The making of Cecil the Lion was an emotional journey full of respect for this amazing lion. Click the arrows to move through the slideshow.
Cecil at Hwange National Park in 2014
In July of 2015 I arrived at the Main camp of Hwange National Park in Matabeleland North, Zimbabwe, Africa where there are no fences enclosing the park grounds and wildlife roam freely. This would be my fifth visit to a favorite camp of mine named SomaLisa a territory controlled by two magnificent male lions Cecil and Jericho.
In 2009 Cecil and his brother engaged in a territorial fight where Cecil’s brother was mortally wounded and Cecil retreated due to the wounds inflicted on him by the rival male. Subsequently, Cecil teamed up with Jericho to reestablish themselves in the forfeited territory and live in the safety and protection of the Hwange National Park with their females and cubs.
Returning home after two months on safari I was on a mission to complete a bronze honoring Cecil . The sheer tragedy of Cecil’s death was an emotional trigger for me that inspired my passion to start the project with a vengeance. My sketch pad and notes of Cecil stimulated my memory of him and refreshed my senses to the sounds and smells and all the flavor of Africa.
Photos are memories and create a powerful source of emotion and inspiration. Rummaging through my collection of SomaLisa photos to begin my sculpture of Cecil I came across several pictures of myself casting Cecil’s paw print after tracking him and his brother Jericho last year.
Looking through these casting photos brought back the unparalleled level of conscious awareness I had that day we were tracking. Checking the stride and the sand particles around the paw prints to see if the Cecil was running or walking. Tasting the acidity smell of his urine on a nearby bush. Feeling the earth underneath my fingernails. Remembering we found an imprint in the sand where he had laid. These photo memories aroused my emotions and senses of Cecil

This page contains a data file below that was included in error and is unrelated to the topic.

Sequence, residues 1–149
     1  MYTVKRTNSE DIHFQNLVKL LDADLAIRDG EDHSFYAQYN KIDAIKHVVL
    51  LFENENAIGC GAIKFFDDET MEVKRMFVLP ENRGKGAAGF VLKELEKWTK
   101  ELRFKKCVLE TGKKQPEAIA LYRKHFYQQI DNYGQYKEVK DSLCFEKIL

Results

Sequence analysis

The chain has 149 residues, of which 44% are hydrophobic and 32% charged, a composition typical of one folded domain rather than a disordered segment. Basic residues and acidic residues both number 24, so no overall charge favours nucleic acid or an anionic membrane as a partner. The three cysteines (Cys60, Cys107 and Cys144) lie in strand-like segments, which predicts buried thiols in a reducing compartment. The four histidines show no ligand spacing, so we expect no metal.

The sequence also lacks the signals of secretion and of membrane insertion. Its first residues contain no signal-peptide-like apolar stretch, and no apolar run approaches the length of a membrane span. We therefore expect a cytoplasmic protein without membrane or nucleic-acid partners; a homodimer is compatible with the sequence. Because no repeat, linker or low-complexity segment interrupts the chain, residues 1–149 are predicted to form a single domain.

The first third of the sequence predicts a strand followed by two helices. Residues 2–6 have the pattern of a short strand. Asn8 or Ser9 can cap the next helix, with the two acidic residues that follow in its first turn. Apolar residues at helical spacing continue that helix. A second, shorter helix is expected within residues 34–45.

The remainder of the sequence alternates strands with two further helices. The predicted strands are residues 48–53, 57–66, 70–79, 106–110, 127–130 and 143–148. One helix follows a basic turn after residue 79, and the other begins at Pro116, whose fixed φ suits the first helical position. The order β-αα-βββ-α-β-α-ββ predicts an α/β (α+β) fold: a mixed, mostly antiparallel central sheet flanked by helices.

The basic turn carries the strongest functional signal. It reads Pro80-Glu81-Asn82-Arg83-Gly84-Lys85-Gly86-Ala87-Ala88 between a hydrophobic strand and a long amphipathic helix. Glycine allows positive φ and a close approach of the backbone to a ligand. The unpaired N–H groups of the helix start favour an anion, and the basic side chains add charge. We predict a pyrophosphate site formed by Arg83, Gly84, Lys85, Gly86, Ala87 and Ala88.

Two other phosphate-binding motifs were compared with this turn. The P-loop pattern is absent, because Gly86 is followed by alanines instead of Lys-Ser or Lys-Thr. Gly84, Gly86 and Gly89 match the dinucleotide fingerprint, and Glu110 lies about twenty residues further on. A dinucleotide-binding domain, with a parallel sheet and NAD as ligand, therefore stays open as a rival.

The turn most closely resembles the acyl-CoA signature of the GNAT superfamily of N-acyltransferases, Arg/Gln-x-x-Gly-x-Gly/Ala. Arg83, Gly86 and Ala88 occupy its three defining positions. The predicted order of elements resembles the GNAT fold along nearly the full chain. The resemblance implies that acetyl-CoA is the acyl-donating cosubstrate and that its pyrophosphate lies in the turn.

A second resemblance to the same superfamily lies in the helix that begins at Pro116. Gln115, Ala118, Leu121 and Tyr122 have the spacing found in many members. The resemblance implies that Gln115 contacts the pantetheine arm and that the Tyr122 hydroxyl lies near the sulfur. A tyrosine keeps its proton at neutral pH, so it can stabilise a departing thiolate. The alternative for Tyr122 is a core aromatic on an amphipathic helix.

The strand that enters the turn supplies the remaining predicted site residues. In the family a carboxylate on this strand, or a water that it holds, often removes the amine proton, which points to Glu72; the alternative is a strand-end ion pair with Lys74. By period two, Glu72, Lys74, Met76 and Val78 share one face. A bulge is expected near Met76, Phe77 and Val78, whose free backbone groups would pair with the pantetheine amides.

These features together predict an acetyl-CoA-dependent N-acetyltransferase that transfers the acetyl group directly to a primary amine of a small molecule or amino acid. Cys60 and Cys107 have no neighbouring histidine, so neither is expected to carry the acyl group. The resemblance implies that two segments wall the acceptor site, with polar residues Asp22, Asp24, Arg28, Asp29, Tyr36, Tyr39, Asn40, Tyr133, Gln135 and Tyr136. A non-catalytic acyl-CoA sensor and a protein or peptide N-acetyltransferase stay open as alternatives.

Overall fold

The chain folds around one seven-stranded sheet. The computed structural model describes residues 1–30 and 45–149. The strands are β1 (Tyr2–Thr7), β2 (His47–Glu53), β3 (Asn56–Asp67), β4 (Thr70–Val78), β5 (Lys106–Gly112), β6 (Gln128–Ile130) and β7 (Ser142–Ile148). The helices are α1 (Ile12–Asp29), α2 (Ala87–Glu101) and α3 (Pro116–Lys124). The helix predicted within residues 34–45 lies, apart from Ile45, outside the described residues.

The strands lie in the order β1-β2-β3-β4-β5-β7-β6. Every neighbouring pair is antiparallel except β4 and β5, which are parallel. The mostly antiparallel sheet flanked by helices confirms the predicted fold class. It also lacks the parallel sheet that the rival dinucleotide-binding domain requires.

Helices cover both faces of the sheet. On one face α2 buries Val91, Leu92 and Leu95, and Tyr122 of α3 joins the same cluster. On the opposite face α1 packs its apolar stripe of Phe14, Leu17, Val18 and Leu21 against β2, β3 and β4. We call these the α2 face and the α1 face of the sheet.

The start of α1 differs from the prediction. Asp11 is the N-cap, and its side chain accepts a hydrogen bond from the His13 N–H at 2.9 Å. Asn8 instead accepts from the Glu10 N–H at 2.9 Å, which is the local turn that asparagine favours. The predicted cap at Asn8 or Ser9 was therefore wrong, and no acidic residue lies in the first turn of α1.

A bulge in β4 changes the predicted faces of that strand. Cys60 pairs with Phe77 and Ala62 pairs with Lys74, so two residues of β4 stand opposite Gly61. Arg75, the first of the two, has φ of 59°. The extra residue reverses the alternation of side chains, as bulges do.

First step, sculptures require an armature. A steel rod is drilled into the wood working surface and then aluminum armature wire is cut and tied to the center rod to support the legs and neck of the lion. Off of my sketches of Cecil in Hwange Park I start building the body laying clay on the armature in the general shape without concern for muscle detail.
Lions possess a ponderous frame so once the overall body and posture is in place I must concern myself with proportion and observe the bone and muscle structure is proper from every angle including looking from above.
Attention must be paid to how a lion places his weight when he walks and the position of his feet . The left front foot is on its way forward for a step and as it comes off the ground it angles a bit inward at the wrist. The lion makes this movement to protect the sheathed claws and tender toes. This action allows the lion to take a more narrow path through the underbrush.
With lions and nearly all wildlife there is a bone influence and muscle influence in their front legs which results in a prominent structure from the inside of their wrist up the leg. It is important to record this structure with the right leg and left leg as the left foot here is ready to be softly placed on the ground.
The dignity of a male lion is often exhibited in his stride. Cecil walked with extreme dignity pushing forward the upper arm in his stride. His walk was effortless and no doubt one reason he moved so graceful through his territory.
My knowledge of Cecil’s anatomy is paramount for this bronze success. The lion has a trapezoid like pelvis and it does not move with the unison similar to the shoulder region. The bicep femoris muscle and tendons of the hind legs should be anatomically correct.
Cecil was a lion of nobility an icon. He had a fairly wide face and I needed to pay attention to his eyes because the outside characteristics of a lions face strengthen their night vision. Cecil’s distinctive round pupils tucked under his stately brow and white strips under those eyes helped him reflect faint light into the pupils, maximizing the amount of light entering the eye aiding his night vision.
I wanted my sculpture of Cecil to be visceral and release the same spark of life that Cecil exhibited and shared with everyone. I did not want to mold every minute detail but instead produce a work of art where every viewer can participate.
At the foundry the clay sculpture is coated with a rubber compound that sets up to create a negative mold. Molten wax is then poured into the negative mold evenly coating the interior walls. The wax is removed and then inspected and any imperfections are then corrected.